Management were great and were always helpful but I did find myself struggling with my own expectations and also having to do something I wasn't particularly keen doing, or to be honest, was above my capability. I did struggle with the pressure of working on projects with deadlines that were quite tight. Plus despite not doing and specifically being told not to do any print related work was constantly being asked for printing-related advice. There wasn't anyone else in the organisation that had the same printing knowledge as I did.

We then went through another staff cull and a year later was another one. So in 4 years we went from 500 people to 100 and the roles we were doing were not what we were trained to do either. It was a hard time. So with the last cull I bailed and left. I have never felt so relieved before (except when we finally got a bully manager sacked :) ).

I then had a year off when I did a lot of work around the house that needed doing and also started to look for some income to supplement my pension. The house and car were paid for so it was only 'running' costs. I eventually got a job photographing cars for local dealerships. Not a massive amount of money but it was two days a week and about £800 a month. Initially that was a joke as they had you taking photos during the winter when it was dark and snowing and wondered why the pics were not great. However, things changed and they had a more professional approach that was good and standards were introduced. There was cover for holidays and also we did insurance work. We would go to a site and take photos of equipment, machinery, trucks and cars to prove that they existed and were OK to be insured. That was fun and different. As always they wanted to save money so they got sales reps to take the car pics with their phones and the results were predictably bad. At that point my knees were really fecked and a real issue so stopping that was a relief.

So, the problem with careers is that you can never really know what direction you will take (for normal people anyway). There can be twists and turns on the way and hopefully you will end up doing something that you like and are good at. In my last company when I joined there the benefits were great but gradually the pension changed and we had to contribute. Salary increases were rare and didn't cover the cost of pension charges and so on. I became a union rep to get rid of the manager we had. Learnt a massive amount doing that through dealing with people and management. It was hard sometimes representing people who lost their jobs (often through their own stupidity) but it was also satisfying when you were successful too.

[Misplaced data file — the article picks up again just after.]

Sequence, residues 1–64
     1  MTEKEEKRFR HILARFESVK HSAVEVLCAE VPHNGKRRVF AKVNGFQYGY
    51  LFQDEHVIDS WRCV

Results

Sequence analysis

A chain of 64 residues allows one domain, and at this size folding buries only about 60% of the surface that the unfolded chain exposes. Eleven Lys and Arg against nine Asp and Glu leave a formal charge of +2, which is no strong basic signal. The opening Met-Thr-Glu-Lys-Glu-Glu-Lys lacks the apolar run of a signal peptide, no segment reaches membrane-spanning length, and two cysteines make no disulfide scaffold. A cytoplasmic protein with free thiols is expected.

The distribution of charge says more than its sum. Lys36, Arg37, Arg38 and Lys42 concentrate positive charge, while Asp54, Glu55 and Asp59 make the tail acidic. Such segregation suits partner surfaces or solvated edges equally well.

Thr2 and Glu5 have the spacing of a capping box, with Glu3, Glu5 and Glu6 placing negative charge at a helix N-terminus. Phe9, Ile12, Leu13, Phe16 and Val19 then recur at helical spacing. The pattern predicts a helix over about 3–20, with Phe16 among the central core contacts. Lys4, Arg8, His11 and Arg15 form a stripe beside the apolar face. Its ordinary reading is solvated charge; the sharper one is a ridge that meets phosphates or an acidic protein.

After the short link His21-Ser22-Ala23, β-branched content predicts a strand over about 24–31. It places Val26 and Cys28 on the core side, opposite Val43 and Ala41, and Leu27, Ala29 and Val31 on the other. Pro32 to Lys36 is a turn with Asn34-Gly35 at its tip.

More to the point, a project managers skills can be transferred from one sector to another. We had project managers who were not from IT but were perfectly fine as it was a project that had the same structure as elsewhere. From that point of view it may be worth the experience and using it as a learning situation if it does turn out to be not what you would like. With regards to companies, most nowadays are looking to save money wherever they can. It can also depend on the people too. There is usually a probationary period when you start any job though that does depend on employment laws. If you did get it and tried it and found it or the company wasn't for you then you can start to look elsewhere. Doing something you hate isn't good for you or your health. I have seen people puking in the car park before going into the building because they hated it that much.

Hop that is of some use and if you need anything else there are plenty of people who will also have their views too.
 
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glenwilson

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I would actually be the person to exploit my workers, I don't like that :/
They get work out of you and you get a salary and experience. If you stay they gain through you having that experience. It isn't always a 50/50 partnership. As with any relationship, even personal, you both contribute and it isn't always balanced but as long as it isn't stupidly skewed it is OK.
 

1nfinity84

Your mom is my catchphrase!
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Thanks all for your responses... esp. Glen... mate, that was quite a read, but I can see your point.